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Baby Duck: Numero uno vino

The Story


For a generation raised on Kool-aid and pop, Baby Duck represents a non-threatening entry into the sophisticated world of wine drinking. This sweet, pink, fizzy wine is modeled after Mateus, the world's most popular wine. Like the spritzers and wine coolers that would follow, Baby Duck eased the transition from soft drinks to alcohol for many new drinkers. In this CBC Radio clip, correspondent David James reports from London, England where Canadian Baby Duck is launched into its first international test market.

Medium: Radio
Program: The Food Show
Broadcast Date: Nov. 19, 1978
Guest(s): Paul Larocque
Reporter: David James
Duration: 5:55
Photo: Julie Carter

Did You know?


• Introduced in 1971, Andrés Baby Duck became the most popular wine in Canada, selling eight million bottles a year at its peak in 1973. As of late 2003, it was still widely available across Canada. The Liquor Control Board of Ontario sells a 1.5 litre bottle for $11.95 and recommends serving it "chilled, with animal crackers."
• Baby Duck was officially launched in London in October 1979. At the posh launch party, Canada's high commissioner to Britain, Paul Martin, raised a crystal glass of Baby Duck.

• Part of the accessibility of Baby Duck lay in its pronounceable name. In the early 1970s other products competing for the same market included Baby Bear, Baby Deer, Little White Duck, Fuddle Duck, Luv-a-Duck, Pink Flamingo, Pussycat and Gimli Goose.
• In 1980, Andrés marketers downgraded Baby Duck from a wine to a "refreshment beverage" in an attempt to distinguish it from table wine.

• In a 1982 Saturday Night article, writer Winston Collins attempted to find the source of the name Baby Duck. His results were inconclusive. Cold Duck was a popular product that combined still red wine with sparkling white. Baby Duck is a lower-alcohol version of Cold Duck.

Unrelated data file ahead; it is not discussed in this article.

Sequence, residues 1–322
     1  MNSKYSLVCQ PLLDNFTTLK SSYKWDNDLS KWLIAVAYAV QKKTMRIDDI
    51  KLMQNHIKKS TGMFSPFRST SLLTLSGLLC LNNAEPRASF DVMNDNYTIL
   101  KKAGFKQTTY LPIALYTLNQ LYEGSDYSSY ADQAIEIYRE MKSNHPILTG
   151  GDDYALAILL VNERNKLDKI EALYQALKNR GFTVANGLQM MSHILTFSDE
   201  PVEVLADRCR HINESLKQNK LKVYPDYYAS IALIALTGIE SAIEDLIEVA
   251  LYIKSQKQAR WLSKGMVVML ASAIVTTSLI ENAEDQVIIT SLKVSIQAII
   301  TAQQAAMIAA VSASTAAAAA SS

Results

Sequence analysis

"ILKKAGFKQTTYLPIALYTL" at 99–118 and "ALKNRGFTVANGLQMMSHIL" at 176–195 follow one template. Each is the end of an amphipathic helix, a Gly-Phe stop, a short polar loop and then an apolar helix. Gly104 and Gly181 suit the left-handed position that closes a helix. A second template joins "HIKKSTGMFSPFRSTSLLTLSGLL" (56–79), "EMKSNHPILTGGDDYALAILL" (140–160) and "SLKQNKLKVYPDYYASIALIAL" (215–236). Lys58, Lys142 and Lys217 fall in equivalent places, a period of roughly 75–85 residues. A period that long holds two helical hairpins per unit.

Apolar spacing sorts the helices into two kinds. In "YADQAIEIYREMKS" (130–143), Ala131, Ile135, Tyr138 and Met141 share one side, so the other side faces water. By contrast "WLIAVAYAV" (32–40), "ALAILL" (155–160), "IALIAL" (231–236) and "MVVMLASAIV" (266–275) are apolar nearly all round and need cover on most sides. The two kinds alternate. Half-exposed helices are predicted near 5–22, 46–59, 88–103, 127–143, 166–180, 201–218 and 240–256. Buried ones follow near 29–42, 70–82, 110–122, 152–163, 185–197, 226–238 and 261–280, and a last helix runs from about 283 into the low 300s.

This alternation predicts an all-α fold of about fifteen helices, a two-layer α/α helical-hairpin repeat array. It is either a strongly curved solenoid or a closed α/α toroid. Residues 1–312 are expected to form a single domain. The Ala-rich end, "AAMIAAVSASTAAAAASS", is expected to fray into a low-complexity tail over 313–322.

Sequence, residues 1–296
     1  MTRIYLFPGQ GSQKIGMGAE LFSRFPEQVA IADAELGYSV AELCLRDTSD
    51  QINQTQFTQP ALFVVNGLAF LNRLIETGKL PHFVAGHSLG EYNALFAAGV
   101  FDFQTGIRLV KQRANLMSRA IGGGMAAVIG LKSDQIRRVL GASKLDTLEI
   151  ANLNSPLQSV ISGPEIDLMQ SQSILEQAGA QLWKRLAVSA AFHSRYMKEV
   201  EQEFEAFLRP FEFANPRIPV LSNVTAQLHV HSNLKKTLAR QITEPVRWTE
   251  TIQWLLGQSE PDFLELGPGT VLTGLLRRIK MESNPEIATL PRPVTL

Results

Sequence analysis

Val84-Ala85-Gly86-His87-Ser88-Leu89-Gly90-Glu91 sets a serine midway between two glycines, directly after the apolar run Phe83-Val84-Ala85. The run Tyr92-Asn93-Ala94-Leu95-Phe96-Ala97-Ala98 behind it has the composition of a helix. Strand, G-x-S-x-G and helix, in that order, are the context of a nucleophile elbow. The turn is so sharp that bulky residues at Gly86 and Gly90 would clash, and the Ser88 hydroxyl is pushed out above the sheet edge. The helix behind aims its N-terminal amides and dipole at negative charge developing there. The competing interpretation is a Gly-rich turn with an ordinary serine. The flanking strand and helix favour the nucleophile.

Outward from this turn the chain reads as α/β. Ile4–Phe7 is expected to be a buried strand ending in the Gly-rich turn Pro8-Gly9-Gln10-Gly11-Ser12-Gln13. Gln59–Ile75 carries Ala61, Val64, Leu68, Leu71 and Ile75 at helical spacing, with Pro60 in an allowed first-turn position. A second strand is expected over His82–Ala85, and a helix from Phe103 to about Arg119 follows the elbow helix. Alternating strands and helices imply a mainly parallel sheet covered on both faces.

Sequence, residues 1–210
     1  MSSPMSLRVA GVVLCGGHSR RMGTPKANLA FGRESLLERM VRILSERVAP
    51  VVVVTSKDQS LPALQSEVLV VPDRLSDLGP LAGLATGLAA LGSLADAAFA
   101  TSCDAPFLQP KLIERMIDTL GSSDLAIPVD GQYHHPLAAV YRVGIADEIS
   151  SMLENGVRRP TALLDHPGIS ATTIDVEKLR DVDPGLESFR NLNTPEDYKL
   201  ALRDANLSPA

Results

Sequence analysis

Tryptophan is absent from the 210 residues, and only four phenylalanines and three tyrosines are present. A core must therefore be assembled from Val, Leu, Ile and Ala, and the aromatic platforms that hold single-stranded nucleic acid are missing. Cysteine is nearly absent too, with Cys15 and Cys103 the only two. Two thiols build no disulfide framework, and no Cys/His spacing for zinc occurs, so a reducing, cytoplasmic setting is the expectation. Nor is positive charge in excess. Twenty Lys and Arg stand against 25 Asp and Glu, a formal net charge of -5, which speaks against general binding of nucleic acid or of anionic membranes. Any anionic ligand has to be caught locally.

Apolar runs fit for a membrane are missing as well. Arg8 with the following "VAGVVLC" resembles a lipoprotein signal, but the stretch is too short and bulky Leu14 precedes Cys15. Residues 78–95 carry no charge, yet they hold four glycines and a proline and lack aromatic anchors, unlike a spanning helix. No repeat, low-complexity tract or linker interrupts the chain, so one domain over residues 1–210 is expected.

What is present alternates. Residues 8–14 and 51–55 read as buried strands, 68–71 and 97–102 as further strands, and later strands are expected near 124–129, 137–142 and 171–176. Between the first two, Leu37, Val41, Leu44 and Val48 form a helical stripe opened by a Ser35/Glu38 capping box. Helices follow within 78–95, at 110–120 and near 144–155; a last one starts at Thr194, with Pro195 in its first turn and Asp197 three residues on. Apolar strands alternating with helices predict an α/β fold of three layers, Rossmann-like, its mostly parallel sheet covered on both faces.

• The original Cold Duck was a play on Das Caulde Ende -- the cold end -- a European tradition of emptying glasses into a bowl at the end of a party. The resulting mixture would then be sampled.

• Introduced in early 1942, Mateus was formulated specifically for export from Portugal. It became the most popular wine in the world, selling 40 million bottles in 1977. It is still available and in 2002 underwent a re-launch to appeal to younger drinkers.
• Mateus is the preferred wine of Saddam Hussein, according to the Detroit Free Press.

• Cork vs. screwcap has long been debated, with screwcap generally considered the domain of lower-quality wines. In September 2003, Ontario estate winery Henry of Pelham took a chance by bottling one quarter of their 2002 Chardonnay under screwcap. Beginning in December 2003, the wine will be sold with a neck label trying to convince consumers that screwcaps are the way of the future.
• One in twelve wines is adversely affected by a tainted cork.

• In the 1970s, buying "wine-in-a box" was a popular fad. According to a CBS news online report, one in five glasses of wine consumed in America in 2003 comes from a box.
• In 1983 San Gabriel introduced a new player in the alternative wine packaging game -- cardboard cask wine. Saturday Report examines the implications of sharing a romantic dinner and getting to know your date over a box of wine.


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